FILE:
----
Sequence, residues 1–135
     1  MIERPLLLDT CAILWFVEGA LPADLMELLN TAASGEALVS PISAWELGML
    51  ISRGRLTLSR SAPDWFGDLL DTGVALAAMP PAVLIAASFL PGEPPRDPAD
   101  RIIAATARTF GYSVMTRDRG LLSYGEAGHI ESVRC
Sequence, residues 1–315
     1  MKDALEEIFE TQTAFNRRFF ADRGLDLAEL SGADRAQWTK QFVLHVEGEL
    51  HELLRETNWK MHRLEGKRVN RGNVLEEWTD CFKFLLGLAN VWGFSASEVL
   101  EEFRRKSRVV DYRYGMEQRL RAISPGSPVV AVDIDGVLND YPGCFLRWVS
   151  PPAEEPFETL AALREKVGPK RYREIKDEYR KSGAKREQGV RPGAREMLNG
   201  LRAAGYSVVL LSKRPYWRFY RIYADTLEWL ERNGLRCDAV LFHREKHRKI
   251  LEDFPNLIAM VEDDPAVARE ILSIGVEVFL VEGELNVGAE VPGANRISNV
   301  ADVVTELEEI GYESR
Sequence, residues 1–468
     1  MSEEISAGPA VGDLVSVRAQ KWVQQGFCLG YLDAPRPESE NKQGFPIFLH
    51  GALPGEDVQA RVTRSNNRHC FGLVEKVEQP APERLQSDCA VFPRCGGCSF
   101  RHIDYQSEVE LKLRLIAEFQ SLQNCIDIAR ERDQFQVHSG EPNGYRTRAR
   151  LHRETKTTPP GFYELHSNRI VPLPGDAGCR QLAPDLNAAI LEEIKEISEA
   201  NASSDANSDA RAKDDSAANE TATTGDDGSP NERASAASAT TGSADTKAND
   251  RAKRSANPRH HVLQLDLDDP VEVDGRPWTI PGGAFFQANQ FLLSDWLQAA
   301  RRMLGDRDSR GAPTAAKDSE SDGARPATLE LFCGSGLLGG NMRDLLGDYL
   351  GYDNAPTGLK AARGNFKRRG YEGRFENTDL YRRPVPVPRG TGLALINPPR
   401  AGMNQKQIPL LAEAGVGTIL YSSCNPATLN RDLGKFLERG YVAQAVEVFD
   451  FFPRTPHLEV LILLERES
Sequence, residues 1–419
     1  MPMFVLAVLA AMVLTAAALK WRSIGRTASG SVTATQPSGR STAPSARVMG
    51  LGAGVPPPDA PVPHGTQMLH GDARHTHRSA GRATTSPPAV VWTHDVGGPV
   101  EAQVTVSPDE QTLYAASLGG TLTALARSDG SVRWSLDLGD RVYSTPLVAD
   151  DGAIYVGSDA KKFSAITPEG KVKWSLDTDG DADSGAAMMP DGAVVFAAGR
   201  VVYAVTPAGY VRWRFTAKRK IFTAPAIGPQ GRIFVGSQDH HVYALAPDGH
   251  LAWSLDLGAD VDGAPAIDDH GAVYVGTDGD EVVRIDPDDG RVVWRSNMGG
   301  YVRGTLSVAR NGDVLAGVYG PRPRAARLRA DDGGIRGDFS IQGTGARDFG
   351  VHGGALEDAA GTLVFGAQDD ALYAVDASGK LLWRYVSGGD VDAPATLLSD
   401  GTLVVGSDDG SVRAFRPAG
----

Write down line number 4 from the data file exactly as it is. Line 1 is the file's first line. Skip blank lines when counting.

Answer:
   101  RIIAATARTF GYSVMTRDRG LLSYGEAGHI ESVRC